We all know that diet care and healthy eating are essential to keeping our immune system functioning optimally, yet we don’t prioritise it when dealing with stress and isolation.
The MetLife 360Health team asked Robyn Compton, an accredited practising dietitian in Melbourne, to provide us some recommendations for staying healthy.
Limited trips to the grocery store and unpredictable fresh food supply during lockdowns may compromise healthy eating. What should we do?
Even with few and limited ingredients, you can continue eating a diet that supports good health. My advice to follow would be:
- Plan a weekly balanced menu.
- Prepare a corresponding shopping list, including food for meals and snacks and store it on your phone.
- Add a few new recipes for variety and interest each week, updating your weekly list.
- Limit shopping trips. Take advantage of the many new home delivery services that have arisen during the pandemic.
- Supermarkets seem to deplete key stock more quickly. Shop at the local butcher, fruit and veggie shop, fishmonger or bakery instead.
- Make food preparation a family affair. Prepare more home cooked meals. Limit takeaway food for special occasions or a treat.
- Enjoy sit down dinners with your family or household.
One of the silver linings of social distancing has been that families are preparing more home cooked meals, exploring new recipes, and sharing meals around the table. There is extra time to involve children in cooking and to teach yourself new cooking skills, or to finally use some of those recipe books in the cupboard.
What are your recommendations for a meal plan?
When it comes to a meal plan, there is no one size to fit all! The key is to have a balanced diet, including all the important food groups, which provide key nutrients for good health and wellbeing.
- Bread and cereals for energy, fibre and vitamin B - Choose wholegrains and high fibre cereals. Quantities required depends on the individual’s age, activity level, health and weight goals etc.
- Fruit and vegetables for vitamin C, folic acid and fibre - Aim for two serves of fruit and five serves of vegetables daily.
- Protein foods e.g. meat, fish, chicken, eggs, legumes, nuts for protein, iron, vitamin B12, zinc, omega 3 fats, iodine - Aim for 2-3 serves daily.
- Dairy foods or alternatives e.g. milk (cow, soy, almond, oat etc), cheese and yoghurt for protein, calcium and riboflavin - Aim for 2-4 serves.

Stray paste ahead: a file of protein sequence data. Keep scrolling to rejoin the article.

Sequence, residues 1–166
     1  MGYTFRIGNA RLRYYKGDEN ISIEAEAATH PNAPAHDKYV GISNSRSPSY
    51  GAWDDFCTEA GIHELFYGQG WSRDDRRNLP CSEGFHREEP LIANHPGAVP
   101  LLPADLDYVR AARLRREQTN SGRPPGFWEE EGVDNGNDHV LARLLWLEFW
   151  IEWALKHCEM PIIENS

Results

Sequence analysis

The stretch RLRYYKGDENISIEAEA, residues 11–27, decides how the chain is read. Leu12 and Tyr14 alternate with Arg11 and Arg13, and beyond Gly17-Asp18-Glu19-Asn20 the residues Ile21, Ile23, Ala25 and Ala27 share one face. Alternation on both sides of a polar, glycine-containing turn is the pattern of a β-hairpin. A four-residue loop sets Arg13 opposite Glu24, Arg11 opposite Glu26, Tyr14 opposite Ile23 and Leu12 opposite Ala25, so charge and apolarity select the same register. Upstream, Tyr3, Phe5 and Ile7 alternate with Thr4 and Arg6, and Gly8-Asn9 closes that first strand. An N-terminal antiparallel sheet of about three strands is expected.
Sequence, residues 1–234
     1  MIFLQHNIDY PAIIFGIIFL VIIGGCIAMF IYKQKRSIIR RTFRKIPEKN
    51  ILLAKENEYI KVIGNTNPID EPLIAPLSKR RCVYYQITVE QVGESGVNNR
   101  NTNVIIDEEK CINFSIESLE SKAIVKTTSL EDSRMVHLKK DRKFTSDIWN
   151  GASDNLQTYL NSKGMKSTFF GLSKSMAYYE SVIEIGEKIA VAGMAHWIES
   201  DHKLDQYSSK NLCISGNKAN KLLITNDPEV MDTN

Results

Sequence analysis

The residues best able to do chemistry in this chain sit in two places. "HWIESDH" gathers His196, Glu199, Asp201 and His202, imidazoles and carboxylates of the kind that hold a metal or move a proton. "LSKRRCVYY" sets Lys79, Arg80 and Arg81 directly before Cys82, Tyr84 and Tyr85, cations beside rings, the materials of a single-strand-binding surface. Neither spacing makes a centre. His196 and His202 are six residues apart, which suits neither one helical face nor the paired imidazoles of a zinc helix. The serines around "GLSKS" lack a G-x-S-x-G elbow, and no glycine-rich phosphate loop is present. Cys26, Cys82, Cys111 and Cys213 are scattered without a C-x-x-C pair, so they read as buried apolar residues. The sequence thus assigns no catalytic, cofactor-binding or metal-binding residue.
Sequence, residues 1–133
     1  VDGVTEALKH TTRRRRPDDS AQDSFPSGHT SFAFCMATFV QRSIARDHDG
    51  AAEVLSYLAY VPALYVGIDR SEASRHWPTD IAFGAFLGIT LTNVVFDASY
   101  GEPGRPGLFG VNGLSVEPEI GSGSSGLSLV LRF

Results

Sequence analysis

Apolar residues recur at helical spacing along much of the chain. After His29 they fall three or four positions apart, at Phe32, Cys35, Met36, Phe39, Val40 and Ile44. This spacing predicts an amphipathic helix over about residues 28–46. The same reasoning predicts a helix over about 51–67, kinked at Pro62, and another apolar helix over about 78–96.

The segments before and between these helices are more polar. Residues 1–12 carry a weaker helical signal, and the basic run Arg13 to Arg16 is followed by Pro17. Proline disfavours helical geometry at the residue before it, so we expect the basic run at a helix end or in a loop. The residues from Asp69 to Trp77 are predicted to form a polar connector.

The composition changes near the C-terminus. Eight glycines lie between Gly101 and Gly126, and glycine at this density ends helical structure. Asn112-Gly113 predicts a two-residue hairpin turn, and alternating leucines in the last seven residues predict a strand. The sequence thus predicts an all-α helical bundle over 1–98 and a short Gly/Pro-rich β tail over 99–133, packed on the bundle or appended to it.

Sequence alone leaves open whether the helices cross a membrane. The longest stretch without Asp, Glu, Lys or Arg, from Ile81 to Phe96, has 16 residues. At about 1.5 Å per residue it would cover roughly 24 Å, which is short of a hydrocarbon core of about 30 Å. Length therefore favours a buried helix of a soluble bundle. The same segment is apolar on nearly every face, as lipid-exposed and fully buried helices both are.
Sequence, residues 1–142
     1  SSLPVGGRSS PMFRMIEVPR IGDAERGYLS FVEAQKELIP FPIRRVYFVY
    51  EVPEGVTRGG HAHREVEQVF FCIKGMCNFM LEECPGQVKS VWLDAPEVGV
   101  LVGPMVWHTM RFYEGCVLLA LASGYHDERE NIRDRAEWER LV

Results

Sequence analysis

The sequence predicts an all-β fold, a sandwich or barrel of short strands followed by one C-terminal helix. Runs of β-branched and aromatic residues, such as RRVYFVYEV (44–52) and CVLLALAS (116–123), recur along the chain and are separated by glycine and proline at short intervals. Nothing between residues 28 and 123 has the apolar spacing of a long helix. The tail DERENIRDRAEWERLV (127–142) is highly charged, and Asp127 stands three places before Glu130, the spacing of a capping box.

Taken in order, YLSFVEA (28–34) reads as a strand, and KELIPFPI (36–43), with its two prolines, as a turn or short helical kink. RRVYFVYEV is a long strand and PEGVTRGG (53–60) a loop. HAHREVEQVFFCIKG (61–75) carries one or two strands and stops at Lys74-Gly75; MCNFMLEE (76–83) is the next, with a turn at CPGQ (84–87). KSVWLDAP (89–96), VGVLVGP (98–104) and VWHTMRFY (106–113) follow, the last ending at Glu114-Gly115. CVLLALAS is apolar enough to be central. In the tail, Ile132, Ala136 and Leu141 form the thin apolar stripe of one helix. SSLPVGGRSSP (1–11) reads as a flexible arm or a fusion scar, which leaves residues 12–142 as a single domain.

- Good fats e.g. mono or polyunsaturated oils, nut, seeds, olives, avocado for essential fatty acids, energy, fat soluable vitamins such as vitamin D and E. Use in moderation in cooking, salad dressings or as a snack e.g. avocado, nuts and seeds.
Is there any specific food recommended for boosting the immune system?
There is currently no convincing evidence that any specific food or diet can “boost” our immune system and prevent COVID -19.
Having said that, a nutritious balanced diet and healthy lifestyle, are essential for good health and to support our immunity. A poor diet is tied to an increase in general infection risk. In addition, regular physical activity and specifically getting enough sleep are very important for optimal immune function. Diligent hygiene and social distancing continue to be the best advice for preventing infection.
What kind of snacking is good during the lockdown period?
While in prolonged lockdown there is a tendency to want to eat and snack more often, whether it’s due to actual hunger, boredom, emotional eating or simply sampling the products of your recent cooking. If you get hungry, choose foods providing longer lasting satisfaction and energy. Some examples of healthy snacks include:
- A piece of fruit or bowl of berries
- Chopped raw vegetables with hommus or salsa dip
- Roasted chickpeas
- A couple of wholegrain crackers with tomato or avocado
- Celery sticks with a small amount of peanut butter filling
- A boiled egg or slice of fat reduced cheese
- A handful of nuts
- Seasoned seaweed/Nori sheets
- Freshly boiled Edamame beans
- Homemade protein balls
- Smoothies with milk, yoghurt and fruit blended with ice
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